Sudan‘s military and civilian leaders reached a deal to reinstate Prime Minister Abdalla Hamdok, who was deposed in a coup last month.
According to the deal, signed Sunday, the military will also release government officials and politicians arrested since the Oct. 25 coup.
The country’s top general, Abdel Fattah Burhan, said in televised statements that Hamdok will lead an independent technocratic Cabinet until elections can be held.
It remains unclear how much power the government would hold. It would still remain under military oversight.
The coup, more than two years after a popular uprising forced the removal of longtime autocrat Omar al-Bashir and his Islamist government, has drawn international criticism.
Sudan protests: Demonstrators take to streets after military seizes power
Sudanese have been taking to the streets in masses since the military takeover, which upended the country’s fragile transition to democracy. The agreement comes just days after doctors said at least 15 people were killed by live fire during anti-coup demonstrations.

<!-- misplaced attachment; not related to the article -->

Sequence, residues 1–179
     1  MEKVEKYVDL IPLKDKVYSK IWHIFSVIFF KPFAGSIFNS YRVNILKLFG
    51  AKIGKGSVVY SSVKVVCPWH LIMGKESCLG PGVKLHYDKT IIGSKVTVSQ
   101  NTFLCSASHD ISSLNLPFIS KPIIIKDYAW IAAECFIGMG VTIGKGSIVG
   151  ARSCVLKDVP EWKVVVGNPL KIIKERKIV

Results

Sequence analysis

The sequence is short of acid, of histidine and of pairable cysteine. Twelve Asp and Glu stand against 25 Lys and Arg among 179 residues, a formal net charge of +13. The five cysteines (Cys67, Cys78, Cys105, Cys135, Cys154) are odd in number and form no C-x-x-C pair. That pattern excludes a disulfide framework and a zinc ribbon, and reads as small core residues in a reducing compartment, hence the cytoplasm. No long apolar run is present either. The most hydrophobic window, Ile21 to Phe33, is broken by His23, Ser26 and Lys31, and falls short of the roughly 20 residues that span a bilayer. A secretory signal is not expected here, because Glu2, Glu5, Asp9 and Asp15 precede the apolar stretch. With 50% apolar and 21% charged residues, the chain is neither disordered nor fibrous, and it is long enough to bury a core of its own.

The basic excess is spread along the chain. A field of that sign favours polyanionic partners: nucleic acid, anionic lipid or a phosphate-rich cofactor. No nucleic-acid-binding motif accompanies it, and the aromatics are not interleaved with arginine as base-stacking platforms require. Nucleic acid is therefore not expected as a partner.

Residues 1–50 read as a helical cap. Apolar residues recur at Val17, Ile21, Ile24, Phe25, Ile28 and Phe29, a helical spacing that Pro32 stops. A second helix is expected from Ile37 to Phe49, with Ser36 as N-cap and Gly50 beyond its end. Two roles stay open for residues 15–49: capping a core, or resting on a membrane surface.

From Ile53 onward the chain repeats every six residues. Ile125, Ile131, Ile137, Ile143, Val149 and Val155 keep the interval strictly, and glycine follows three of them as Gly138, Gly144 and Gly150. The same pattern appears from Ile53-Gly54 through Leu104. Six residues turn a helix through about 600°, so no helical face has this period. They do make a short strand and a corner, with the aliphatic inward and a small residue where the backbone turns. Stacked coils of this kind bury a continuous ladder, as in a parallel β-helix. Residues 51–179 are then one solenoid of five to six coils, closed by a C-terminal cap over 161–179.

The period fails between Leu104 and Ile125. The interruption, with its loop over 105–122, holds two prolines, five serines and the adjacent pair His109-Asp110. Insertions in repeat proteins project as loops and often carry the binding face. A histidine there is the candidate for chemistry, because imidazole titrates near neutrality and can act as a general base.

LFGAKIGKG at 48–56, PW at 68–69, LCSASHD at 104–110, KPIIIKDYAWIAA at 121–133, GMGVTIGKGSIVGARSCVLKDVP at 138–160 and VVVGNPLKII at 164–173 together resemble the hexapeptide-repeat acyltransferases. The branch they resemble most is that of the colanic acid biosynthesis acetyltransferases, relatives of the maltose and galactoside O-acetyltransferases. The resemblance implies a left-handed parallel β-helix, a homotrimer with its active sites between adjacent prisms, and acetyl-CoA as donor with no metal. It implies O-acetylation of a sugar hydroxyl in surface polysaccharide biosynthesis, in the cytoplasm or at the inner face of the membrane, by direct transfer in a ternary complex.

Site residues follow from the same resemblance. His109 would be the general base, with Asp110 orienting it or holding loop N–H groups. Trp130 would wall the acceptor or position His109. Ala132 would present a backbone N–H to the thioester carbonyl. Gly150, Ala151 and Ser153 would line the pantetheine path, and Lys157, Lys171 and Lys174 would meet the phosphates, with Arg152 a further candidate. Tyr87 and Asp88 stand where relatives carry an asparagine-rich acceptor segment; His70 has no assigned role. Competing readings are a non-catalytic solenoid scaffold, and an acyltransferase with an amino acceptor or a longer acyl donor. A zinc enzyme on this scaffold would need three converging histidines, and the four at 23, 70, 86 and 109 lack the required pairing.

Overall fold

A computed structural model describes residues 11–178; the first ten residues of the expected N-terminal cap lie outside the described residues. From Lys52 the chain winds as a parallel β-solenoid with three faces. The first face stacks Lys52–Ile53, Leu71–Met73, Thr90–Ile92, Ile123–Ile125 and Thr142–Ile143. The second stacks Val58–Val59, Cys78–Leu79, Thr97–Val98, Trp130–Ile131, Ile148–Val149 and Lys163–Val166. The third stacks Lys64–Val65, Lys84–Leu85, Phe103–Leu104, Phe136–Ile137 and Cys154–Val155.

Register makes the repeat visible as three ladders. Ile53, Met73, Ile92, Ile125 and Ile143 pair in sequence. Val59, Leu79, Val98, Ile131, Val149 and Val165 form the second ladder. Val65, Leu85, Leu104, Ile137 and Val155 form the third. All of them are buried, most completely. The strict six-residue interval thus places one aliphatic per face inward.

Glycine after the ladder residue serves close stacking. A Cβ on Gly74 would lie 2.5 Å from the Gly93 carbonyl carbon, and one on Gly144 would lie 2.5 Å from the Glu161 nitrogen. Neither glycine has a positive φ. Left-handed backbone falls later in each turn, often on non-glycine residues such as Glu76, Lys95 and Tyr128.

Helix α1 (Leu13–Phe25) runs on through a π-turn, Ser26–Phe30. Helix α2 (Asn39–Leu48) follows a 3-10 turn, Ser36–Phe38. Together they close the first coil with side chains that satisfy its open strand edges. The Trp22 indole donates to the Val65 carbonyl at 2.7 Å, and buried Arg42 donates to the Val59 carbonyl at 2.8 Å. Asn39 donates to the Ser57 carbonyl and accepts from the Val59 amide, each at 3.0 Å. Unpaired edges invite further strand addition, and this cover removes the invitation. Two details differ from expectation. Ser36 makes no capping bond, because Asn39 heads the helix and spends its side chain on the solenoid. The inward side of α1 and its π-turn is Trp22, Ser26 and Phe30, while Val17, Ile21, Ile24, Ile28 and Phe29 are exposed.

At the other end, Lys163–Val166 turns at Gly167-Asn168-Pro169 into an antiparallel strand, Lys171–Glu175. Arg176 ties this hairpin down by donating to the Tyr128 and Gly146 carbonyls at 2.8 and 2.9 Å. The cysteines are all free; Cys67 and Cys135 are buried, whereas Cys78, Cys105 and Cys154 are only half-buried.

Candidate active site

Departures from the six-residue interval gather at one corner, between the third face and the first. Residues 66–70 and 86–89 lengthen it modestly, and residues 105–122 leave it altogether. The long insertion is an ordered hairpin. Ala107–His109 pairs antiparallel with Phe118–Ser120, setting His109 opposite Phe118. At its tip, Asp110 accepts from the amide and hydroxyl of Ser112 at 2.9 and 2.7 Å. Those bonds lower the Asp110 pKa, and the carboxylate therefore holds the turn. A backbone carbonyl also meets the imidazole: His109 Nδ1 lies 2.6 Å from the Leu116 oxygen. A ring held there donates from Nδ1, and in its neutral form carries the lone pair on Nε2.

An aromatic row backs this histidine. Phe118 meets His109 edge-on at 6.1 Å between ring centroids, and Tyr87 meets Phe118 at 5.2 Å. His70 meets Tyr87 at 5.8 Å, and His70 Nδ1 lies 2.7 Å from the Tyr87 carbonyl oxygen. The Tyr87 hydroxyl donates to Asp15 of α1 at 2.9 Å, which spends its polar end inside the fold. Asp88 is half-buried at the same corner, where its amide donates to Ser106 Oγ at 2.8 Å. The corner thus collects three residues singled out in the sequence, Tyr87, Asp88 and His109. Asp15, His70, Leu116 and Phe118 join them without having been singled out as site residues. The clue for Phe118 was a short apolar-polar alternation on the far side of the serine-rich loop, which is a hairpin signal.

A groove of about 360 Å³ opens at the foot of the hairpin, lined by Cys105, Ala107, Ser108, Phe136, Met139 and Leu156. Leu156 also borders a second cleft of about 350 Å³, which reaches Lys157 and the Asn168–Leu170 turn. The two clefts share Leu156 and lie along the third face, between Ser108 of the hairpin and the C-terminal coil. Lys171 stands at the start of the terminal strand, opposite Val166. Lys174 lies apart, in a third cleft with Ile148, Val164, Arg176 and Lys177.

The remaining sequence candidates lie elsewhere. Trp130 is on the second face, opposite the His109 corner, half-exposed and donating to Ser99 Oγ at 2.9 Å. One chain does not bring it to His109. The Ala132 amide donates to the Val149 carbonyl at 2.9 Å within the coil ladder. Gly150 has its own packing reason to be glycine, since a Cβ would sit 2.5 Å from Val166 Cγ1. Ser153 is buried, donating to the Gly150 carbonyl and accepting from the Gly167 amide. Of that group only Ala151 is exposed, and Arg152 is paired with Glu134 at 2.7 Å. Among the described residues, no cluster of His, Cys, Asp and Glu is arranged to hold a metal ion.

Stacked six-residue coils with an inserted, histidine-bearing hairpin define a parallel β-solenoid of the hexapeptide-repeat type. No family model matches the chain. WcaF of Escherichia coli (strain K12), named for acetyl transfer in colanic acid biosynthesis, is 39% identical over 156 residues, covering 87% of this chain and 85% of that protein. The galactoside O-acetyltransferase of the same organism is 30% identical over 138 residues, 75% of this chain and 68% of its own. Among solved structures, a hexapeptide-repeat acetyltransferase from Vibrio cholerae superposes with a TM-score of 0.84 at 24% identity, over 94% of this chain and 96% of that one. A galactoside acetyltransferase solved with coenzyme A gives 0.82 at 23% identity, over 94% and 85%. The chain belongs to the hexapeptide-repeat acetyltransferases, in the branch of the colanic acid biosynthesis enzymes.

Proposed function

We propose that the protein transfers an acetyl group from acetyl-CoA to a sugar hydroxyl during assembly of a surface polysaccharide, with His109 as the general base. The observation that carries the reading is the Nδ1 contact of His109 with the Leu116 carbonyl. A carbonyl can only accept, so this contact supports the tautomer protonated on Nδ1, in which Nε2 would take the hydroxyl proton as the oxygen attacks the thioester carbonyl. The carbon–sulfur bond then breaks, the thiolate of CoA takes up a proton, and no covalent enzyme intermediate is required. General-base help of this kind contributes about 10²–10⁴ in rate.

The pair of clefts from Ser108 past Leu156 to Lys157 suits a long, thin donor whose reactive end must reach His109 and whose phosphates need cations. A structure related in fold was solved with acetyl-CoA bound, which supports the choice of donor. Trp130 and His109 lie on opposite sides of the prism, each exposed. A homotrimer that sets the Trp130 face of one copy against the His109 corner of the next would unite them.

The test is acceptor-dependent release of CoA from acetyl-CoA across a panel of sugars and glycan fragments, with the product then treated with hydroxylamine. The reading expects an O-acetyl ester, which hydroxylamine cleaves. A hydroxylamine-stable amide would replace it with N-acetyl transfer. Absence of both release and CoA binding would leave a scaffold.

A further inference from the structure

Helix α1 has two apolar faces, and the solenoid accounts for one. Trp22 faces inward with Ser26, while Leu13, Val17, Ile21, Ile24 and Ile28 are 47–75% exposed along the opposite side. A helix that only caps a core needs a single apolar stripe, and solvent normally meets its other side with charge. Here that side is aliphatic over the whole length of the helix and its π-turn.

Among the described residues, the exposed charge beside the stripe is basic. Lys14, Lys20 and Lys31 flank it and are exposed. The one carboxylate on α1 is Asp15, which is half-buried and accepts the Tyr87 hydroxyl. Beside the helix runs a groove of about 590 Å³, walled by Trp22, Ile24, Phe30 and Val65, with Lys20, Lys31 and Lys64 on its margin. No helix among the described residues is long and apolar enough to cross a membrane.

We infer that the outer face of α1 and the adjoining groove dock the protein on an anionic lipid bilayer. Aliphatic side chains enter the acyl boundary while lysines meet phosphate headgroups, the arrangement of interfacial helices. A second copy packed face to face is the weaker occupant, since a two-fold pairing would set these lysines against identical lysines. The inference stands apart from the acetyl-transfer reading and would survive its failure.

Hamdok has been held under house arrest by military leaders for weeks.
Earlier, military and government officials who spoke of the deal said it also foresaw the release of government officials and politicians arrested since the Oct. 25 coup. The largest of the political parties said to be included in the deal, the Umma Party, had issued a statement implying that it did not sign off on the deal.
The officials, who spoke on condition of anonymity because they weren’t authorized to release the information, said that the U.N., the U.S. and others had played “crucial roles” in crafting the agreement.
The United States, its allies and the United Nations have condemned the use of excessive force against anti-coup protesters.
Meanwhile, thousands took to the streets in the capital of Khartoum on Sunday to denounce the coup and demand the immediate transfer of power to civilians. Protesters waved the Sudanese flag and chanted “Power is to the people! The military are to stay in the barracks.”
Associated Press writer Noha ElHennawy in Cairo contributed.
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